The Sad State of Web Development

Oh that’s genius :facepalm:

And there in lies the problem I guess. Wrong tool for the job, but also the only one that can be used.

It was designed by Netscape for front-end web page scripting. Whether it did a good job is questionable. What can we expect from a language that was developed in just 10 days? Did you program in JavaScript in the dark ages when we had to always test using at least 2 different browsers? It was annoying to have to write code that would work on all of them. We had to often write workarounds just so it would work in a particular browser even if it worked fine in the others. I hated it. Yet now I’m deeply immersed in JavaScript for what it was not originally designed for - server-side scripting with high-frequency database access and monetary calculations.

That’s right - it’s a bad language yet we are all stuck with it because it’s the only standard scripting language with the universal browser support. This is one of the points contributing to “the sad state of web development”.

@tab00 have you looked into the Elm language at all? It’s strong typing and ML syntax remind me of F# for the browser. The only cons is that it doesn’t inter-opt as nicely as typescript

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You are mixing up the language with the ecosystem and make judgments on wrong premises.

  1. Watch this
    - YouTube

  2. Use this (or any other)
    ( type 0.1 + 0.2 != 0.3 into the demo )

  3. Use TypeScript

Eventually dec64 will make it into ES but also, asm.js and web assembly are coming. That will further blur the line between subcomponent routines and the application layer glue for which JS is well known for.

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Does TypeScript have a decimal type appropriate for monetary calculations? I could only find the number type in the language specification.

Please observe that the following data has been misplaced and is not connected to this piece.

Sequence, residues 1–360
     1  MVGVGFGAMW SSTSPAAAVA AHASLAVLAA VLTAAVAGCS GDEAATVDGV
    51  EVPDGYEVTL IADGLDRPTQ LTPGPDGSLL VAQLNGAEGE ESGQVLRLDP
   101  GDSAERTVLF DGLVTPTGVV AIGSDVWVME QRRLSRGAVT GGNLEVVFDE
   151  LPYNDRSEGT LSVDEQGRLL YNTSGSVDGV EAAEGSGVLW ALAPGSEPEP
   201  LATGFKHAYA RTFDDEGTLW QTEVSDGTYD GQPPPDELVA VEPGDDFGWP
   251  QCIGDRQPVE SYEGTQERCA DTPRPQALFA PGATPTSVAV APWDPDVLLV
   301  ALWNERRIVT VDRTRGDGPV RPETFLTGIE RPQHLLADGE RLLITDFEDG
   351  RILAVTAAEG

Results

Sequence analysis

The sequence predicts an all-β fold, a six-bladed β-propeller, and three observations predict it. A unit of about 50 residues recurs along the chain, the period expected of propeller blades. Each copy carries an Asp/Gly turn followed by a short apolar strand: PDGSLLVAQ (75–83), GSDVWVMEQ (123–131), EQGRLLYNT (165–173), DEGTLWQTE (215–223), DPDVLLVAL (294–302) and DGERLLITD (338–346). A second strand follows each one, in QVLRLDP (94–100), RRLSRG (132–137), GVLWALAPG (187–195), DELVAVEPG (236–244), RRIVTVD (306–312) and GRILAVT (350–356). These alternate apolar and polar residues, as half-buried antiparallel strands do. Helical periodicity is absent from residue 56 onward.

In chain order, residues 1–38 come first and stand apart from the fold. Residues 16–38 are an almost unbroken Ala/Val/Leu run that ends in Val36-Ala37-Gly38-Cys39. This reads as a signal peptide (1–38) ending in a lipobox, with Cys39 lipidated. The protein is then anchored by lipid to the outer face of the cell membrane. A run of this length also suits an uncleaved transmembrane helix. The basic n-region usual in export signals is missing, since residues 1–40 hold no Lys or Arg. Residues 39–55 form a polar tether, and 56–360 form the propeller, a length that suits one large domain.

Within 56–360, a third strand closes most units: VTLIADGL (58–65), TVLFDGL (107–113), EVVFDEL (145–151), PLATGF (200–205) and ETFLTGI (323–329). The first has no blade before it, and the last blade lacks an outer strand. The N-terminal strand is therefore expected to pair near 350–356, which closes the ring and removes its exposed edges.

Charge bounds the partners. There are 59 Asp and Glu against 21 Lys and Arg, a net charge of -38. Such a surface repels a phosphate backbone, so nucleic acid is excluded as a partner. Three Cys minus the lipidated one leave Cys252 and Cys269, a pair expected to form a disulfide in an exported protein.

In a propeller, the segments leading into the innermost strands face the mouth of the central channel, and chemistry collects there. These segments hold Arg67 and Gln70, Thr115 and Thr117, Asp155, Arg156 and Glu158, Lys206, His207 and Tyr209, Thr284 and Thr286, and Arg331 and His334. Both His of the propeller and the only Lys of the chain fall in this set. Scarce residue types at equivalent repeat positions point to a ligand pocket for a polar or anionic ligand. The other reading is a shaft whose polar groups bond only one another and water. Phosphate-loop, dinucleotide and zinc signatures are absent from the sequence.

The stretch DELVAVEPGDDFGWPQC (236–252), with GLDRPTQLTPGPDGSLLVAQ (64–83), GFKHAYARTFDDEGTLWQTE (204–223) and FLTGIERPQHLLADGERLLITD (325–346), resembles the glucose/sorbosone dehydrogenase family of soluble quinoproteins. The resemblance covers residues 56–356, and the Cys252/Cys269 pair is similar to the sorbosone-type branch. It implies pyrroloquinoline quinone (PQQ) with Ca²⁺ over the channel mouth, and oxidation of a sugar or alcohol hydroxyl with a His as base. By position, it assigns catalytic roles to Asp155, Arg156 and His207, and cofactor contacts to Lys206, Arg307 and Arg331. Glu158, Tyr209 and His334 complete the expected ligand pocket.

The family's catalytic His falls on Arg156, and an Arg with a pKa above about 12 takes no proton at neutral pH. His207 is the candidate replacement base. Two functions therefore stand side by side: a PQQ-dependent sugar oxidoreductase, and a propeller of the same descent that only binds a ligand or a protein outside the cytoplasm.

I know that there are libraries / packages in the JavaScript / TypeScript ecosystem. Maybe you missed my post above in which I said that I chose to use BigNumber. So I have not mixed up the languages with the ecosystem.

My point is that it would have been better to have a numerical data type appropriate for precise monetary calculations as part of the language instead of needing to rely on libraries or packages.

Crockford says that using the floating point type that JavaScript now has was the wrong language design choice because of the imprecision, but it was done because other programming languages at the time used it too. But around a decade ago Java added BigDecimal and ASP.NET added decimal to deal with the imprecision problem. Nothing was done to solve it in JavaScript and it appears that TypeScript has not solved it either.

His Dec64 solution could be great but we don’t know how long it would take for it to be available for us to use.

Agree to an extent, but there are usually well-crafted reasons for these things to have existed in the first place.

Node.js had a pretty good reason for being made; now engineers could use a single language on the front end and the back end. Whether or not it worked out well in practice is a cause for debate, sure.

JavaScript, as a language, is vastly improving. I would say at es7 it will be a full-featured enough language where it does not need excessive added modules. You can make a whole application completely without adding much modules except for a database.
That’s why I disagree with him about babel. Babel is fantastic, and appears to be made to be very modular. That’s why it comes with little out of the box – you gotta add what you need and only what you need.

Also, my username is corvid, does that mean by definition I am a magpie developer?

No. I had a quick look and there is a float type but it doesn’t look like there is a decimal type for precise monetary calculations. Is such a thing an odd requirement? With ecommerce continuously growing and the internet being increasingly used for financial applications, I would not have thought so.